Alibaba's Taiwan Entrepreneurs Fund
The ECCT's Tax committee held a lunch on the topic "Innovation today leads to commerce tomorrow" with guest speaker Andrew Lee (Chih-ping), Executive Director of Alibaba's Taiwan Entrepreneurs Fund. The speaker gave an overview of how Alibaba's Taiwan Entrepreneurs Fund is working to discover and support the companies and ideas that will drive future innovations in commerce. Alibaba set up the Taiwan Entrepreneurs Fund in 2015 with capital of US$300 million to invest in growth stage companies founded by Taiwanese entrepreneurs.
Lee began by introducing the concept of micro-business loans being offered by non-financial institutions, which is a growing trend. Unlike traditional banks which need to pay a lot of attention to risk control, spend a lot of time in the review process, require substantial collateral and use a lot of manpower to conduct reviews, the new business model is open to any type of business, does not require reports, financial statements, credit checks or collateral. As a result, the process is much faster and cheaper, which makes it especially ideal for small, start-up companies.
The secret to the success of this type of model is that it uses the applicant's own data to analyse his/her habits and behaviour. Using a sophisticated model for analysis, it is able to assess: 1) the ability of the applicant to pay back the debt; 2) how much risk the applicant is willing to take and 3) how much the applicant is willing to pay. The beauty of the model is that the potential client's data is updated constantly based on their behaviour. Companies like Google and Facebook also analyse data in a similar way in order to target advertisements.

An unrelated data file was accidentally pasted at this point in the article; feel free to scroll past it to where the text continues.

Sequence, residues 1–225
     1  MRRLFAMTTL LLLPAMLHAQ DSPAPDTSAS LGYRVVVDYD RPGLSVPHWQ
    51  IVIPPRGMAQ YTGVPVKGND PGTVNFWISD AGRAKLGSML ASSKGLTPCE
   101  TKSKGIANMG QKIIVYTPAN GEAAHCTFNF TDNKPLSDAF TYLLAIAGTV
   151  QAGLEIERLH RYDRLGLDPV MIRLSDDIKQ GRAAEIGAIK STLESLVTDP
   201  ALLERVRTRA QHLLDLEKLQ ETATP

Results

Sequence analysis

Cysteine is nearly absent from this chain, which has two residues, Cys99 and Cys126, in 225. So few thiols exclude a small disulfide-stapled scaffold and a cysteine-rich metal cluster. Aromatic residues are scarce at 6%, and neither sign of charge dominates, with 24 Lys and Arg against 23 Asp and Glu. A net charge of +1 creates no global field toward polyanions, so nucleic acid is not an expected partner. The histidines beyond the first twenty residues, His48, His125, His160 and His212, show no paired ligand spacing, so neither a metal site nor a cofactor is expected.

The focus of e-commerce in the past was either business-to-business (B2B) or business-to-consumer (B2C). But there is an inherent risk in the B2C model. While there have been numerous cases of brilliant CEOs and companies that are able to produce products that everybody wants, there are a lot more cases of failure. Bosses often don't get it right because they are not in tune with the needs of consumers. If you just listen to what consumers really want, you can take the guesswork out of the equation. What smart businesses should really be adopting then is a consumer-to-business or C2B approach.
The dominant business model of the 20th century was to standardise products, streamline production and mass produce on a large scale. However, the trend emerging in the 21st century will cater to personal needs and be much more flexible. According to the speaker, there are already factories in China that are taking orders for made-to-order clothing. Lee predicts that corporations of the future will tend to be C2Bs, task-oriented and recognise that access is more important than ownership.
Lee went on to give some details of how Alibaba's Taiwan Entrepreneur's Fund is helping start-ups realise their dreams through Alibaba's platform and systems. Once new entrepreneurs are selected by the fund, they are given capital, technical support to set up their systems as well as guidance. To qualify, candidates must be long-term residents in Taiwan, have a company or office established in Taiwan and use Alibaba's network to run their business, which involves logistics, marketing and financial services in processing transactions.
To date, the fund has invested in companies in a diverse range of sectors including artificial intelligence (AI), augmented reality (AR), virtual reality (VR), distance education, medical technology and e-commerce.
Lee went on to describe some of the most successful examples. These included an "i-staging" company which uses AR and VR to simulate things like home decorating, medical services companies and a distance learning programme to train engineers.